Unfortunately, starting playing new instruments and being in a crowded class that progressed slowly was getting harder and harder to satisfy his need to express his creativity, so he tried his best to get the most he could out of the experience, enrolling in competitions and intensive band camps, joining many different music groups and bands and playing anywhere he could. He eventually started catching on that the mere act of interpreting the music wasn't enough anymore to satisfy his need to creatively express himself.

And so, in 2007, started the crazy journey that led him to where he is today. He got a hold of his father's old laptop, which had an ANCIENT version of a notation software, Sibelius 1.4, and with the technological and theoretical resources he had gained through the years, taught himself to use the program and jot down in the best of his abilities the ideas he had in his head. This idea eventually became Battle of the Heroes, the first track he ever made, and which is still up to this day.

What drew him here initially was the idea that, for once, he had the opportunity to share the scene with what he then believed to be the cream of the music writers, the top-charters. The ones who got THOUSANDS of fanmail per day and had to resort to using a secretary to file it all. He never had even thought of the mere idea of reaching that level, but for once this idea seemed to have the opportunity to become MORE, almost seeming to be right there, waiting for you to seize it. From that day on, I knew I had a clear goal, I finally knew what I wanted to do.

The rest of this story and my experience with NG might be continued in my bicentennial special, but until then, this is where the story that lead to my passion for composition ends. My purpose hasn't changed since, although it might have deformed over the years, changing shape to better fit my still obscure destiny. But with all this uncertainty, there is at least something clear: my resolve to create will only grow as time passes.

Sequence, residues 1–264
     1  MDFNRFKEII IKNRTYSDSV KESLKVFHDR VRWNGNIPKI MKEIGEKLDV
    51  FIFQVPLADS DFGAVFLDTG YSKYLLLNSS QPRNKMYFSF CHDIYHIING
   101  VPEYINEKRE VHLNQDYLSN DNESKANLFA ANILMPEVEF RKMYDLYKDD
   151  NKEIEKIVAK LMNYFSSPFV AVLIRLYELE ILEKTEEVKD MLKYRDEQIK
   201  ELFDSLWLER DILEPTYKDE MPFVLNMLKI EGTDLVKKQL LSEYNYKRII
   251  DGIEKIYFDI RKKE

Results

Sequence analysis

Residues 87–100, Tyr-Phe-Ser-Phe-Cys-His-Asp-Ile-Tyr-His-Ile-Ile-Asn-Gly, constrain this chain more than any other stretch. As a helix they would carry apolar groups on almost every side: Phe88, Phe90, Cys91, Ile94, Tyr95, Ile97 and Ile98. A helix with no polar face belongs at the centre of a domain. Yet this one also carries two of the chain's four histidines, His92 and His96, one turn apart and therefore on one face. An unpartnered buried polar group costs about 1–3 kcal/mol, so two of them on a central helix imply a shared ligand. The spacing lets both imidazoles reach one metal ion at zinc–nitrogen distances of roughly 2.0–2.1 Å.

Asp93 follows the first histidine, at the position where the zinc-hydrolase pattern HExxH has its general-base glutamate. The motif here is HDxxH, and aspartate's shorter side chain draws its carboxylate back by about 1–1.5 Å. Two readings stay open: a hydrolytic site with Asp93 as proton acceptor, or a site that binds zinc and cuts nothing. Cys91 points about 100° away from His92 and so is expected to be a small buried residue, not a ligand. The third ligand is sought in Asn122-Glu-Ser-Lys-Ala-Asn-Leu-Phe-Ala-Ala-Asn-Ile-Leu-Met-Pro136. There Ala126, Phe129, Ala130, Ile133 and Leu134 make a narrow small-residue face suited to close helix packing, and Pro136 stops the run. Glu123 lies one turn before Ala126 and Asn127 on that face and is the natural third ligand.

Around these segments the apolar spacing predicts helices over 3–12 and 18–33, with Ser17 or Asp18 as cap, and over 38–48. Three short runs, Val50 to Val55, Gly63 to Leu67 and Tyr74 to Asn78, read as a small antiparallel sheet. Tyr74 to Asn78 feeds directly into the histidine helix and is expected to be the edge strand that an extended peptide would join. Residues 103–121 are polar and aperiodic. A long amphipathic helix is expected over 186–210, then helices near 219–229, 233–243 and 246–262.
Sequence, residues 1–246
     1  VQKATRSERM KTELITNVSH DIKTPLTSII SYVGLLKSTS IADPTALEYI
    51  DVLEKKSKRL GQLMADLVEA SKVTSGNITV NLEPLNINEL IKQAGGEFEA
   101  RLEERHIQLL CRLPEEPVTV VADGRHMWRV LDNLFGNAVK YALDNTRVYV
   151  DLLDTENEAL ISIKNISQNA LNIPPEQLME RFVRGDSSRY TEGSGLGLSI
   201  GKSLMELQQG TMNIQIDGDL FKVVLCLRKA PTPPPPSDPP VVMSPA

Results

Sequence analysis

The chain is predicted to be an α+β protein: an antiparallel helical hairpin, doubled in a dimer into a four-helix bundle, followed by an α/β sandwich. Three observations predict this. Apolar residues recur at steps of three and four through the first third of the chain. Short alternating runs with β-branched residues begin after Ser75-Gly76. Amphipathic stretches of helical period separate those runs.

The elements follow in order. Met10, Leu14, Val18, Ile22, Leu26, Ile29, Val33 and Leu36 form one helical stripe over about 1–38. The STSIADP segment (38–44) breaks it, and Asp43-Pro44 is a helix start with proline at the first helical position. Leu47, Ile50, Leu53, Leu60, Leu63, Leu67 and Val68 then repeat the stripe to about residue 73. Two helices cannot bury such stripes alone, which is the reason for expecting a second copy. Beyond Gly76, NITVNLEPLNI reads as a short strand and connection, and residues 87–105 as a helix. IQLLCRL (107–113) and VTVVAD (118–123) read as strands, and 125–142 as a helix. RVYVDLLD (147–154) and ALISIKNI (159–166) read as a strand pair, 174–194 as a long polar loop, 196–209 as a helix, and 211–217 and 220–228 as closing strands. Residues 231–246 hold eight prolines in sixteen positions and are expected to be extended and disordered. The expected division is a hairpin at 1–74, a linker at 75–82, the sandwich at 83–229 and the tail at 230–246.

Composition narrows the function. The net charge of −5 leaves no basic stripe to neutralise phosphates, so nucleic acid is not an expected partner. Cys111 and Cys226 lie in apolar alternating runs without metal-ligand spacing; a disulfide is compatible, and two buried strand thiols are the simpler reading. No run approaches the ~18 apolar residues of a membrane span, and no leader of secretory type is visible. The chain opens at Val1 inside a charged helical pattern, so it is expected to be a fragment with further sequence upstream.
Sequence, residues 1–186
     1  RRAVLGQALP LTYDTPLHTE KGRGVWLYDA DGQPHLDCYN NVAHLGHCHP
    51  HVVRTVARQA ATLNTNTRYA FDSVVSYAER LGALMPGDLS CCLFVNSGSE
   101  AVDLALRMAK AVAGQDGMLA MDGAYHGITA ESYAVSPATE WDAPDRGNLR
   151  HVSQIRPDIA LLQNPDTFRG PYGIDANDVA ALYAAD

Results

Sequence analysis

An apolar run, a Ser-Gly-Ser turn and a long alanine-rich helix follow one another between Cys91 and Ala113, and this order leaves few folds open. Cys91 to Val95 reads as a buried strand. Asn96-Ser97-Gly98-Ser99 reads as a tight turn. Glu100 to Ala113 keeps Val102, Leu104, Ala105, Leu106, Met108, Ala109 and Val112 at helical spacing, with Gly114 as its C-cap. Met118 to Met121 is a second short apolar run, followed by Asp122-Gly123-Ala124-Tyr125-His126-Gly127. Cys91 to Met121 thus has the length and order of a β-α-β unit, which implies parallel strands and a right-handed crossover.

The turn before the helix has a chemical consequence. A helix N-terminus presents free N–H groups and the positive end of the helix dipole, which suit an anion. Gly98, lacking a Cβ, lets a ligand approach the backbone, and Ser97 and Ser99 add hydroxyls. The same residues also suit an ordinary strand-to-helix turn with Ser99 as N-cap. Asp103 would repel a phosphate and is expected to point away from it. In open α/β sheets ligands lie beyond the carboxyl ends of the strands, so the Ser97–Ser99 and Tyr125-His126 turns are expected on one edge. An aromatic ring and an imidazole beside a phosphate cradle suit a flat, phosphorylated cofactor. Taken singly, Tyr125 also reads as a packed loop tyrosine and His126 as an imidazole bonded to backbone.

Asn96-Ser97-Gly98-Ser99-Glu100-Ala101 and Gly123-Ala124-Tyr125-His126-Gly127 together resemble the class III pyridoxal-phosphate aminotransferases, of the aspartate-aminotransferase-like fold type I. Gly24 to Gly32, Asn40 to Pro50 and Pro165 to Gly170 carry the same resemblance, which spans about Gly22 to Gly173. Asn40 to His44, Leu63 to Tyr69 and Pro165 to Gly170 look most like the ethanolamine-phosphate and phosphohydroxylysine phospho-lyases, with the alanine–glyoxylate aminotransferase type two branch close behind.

In any case, I'd like to continue for hours on like I've been up to now, but it's 4AM here and I can barely type, so this'll have to do for now. I'd like to once again personally thank every single one of you for supporting me in my crazy endeavours, and if you've managed to read all the way through, award you the honorary title of supreme-reader. May you use your newfound powers wisely.

Anyways, I'm barely awake now, so I'll leave you here.

Good night everybody!

Edit 28/12/13: Forgot to mention, because I've been an unproductive ass this year, I've decided to upload some of my old stuff I either never finished or uploaded for various reasons. I already started doing so, starting with "5 O'Clock Blues", and will go on until I feel like it, so expect a lot of songs!


Comments (5)

Congrats on your milestone! Truth be told, I had observed it some time back, but I was wondering what you were going to do on reaching 100 supporters.

And I feel your pain about Sibelius 1.4. I had Mario Paint Composer as my outlet. But if it works, it works. XD

Keep making many more worlds! x

Thanks Anne, straight to the heart this goes! <3

Truth be told, I actually very much enjoyed the barren interface of 1.4, I find the more modern iterations of Sibelius clunky and power-hogging. I only had to change because I had to actually print my arrangements for drum corps and other gigs, and 1.4 can only print parts in bitmap one page at a time... ;___________;

Anyways, thanks again, get on Skype sometime so we can catch-up!